Rise of Socialism from the Catastrophe of Capitalism

Rise of Socialism from the Catastrophe of Capitalism

3 min. read | By Kiri Vadivelu

Socialism is an economic and political system based on collective, common, or public ownership of the means of production.

Rise of Socialism in Toronto
Rise of Socialism in Toronto | © Kiri Vadivelu

Capitalists have championed as defenders of private property; however, the opposite is true. Under capitalism, the law of evictions and seizes of personal properties are enforced by the government whereas in socialism no such laws.

For the past 500 years, capitalism thrived on war driven economy to make rich richer while poor poorer. In the most richest country America, people cannot own homes or earn enough to live with dignity.

The exponential rise of subscriptions business model in capitalism reinforce the reality that under capitalism people will own nothing. However, free market advocates continue to fool the masses with the private property ownership and rights.

Socialists contend that shared ownership of resources and central planning provide a more equal distribution of goods and services and a more equitable society. Capitalism, with its belief in private ownership and the goal to maximize profits, stands in contrast to socialism.

While socialism calls for collective or shared ownership of the means of production, it does not imply that there is no private ownership of personal property. Thus, corporations and factories would be shared among the members of society, but individuals and households would still own their own personal effects.

An individual owning a house is considered personal property and have nothing to do with private ownership. An example of private ownership is one individual owning a garment factory where all the profits are absorbed using the labour without compensating fairly to workers and the environment. Socialists wants ownership of labour in harmony with nature which capitalists exploit for profit.

Socialist ideals include production for use, rather than for profit; an equitable distribution of wealth and material resources among all people; no more competitive buying and selling in the market and free access to goods and services without producing excessive waste or hoarding of resources or monopoly of basic necessities.

Socialism as a system of shared resources and collective production dates back to the earliest human civilizations. Tribal or clan-based societies would often work for the common good and work together to produce enough food and supplies for the entire population. Collective agriculture persisted for thousands of years. This was replaced in many places by some sort of feudal system, whereby landed nobility (lords) ruled over peasants (serfs) who worked the land without owning it.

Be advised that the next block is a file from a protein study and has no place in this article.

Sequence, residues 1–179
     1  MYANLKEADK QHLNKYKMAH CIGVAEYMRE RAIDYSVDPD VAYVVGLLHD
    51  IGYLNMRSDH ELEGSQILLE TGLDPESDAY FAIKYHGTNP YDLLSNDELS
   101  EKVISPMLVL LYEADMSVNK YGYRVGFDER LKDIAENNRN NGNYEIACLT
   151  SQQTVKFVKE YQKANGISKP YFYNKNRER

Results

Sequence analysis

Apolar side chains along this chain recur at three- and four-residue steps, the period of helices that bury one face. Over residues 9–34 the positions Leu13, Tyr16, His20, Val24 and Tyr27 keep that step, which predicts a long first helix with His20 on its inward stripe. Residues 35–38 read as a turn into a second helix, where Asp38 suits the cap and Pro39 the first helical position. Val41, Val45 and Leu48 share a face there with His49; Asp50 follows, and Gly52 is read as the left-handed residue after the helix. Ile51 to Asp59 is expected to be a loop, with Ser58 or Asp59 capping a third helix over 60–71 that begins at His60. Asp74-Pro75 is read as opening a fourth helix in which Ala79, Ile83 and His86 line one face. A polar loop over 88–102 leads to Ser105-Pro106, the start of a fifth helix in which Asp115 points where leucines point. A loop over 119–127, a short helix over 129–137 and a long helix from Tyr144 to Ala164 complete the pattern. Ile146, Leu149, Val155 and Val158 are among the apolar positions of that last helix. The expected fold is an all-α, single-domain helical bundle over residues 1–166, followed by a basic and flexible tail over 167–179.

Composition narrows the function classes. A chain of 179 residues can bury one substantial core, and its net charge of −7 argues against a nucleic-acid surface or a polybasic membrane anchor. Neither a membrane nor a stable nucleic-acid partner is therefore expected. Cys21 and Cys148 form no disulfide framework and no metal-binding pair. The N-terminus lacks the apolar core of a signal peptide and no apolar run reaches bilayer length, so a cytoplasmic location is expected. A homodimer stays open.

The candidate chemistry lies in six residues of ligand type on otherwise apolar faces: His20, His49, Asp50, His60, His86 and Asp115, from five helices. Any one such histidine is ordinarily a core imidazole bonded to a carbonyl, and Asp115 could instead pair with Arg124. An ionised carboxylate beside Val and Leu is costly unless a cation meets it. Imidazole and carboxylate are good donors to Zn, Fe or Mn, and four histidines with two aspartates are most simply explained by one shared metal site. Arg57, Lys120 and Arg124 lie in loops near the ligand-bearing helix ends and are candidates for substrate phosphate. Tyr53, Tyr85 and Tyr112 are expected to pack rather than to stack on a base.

Following the failure of socialist central planning in the former Soviet Union and Maoist China during the 20th century, many modern socialists adjusted to a high regulatory and redistributive system sometimes referred to as market socialism or democratic socialism. Functionally, socialism and free-market capitalism are often divided on two core issues: property rights and control of production.

In a capitalist economy, private individuals and enterprises own the means of production and have the right to profit from them; private property rights are taken very seriously and apply to nearly everything.

In a purely socialist economy, the collective owns and controls the means of production; personal property is allowed, but in the form of consumer goods. Essential services like healthcare, education, and public transportation are administered for free by the government and funded through taxation instead of military complex.

Thats why socialism is so awesome and worth overcoming fear and hate implanted by crooked capitalists to control workers, economy and the nature.

For more information, please contact
Municipal Socialist Alliance
Call: 647-986-1917
[email protected]


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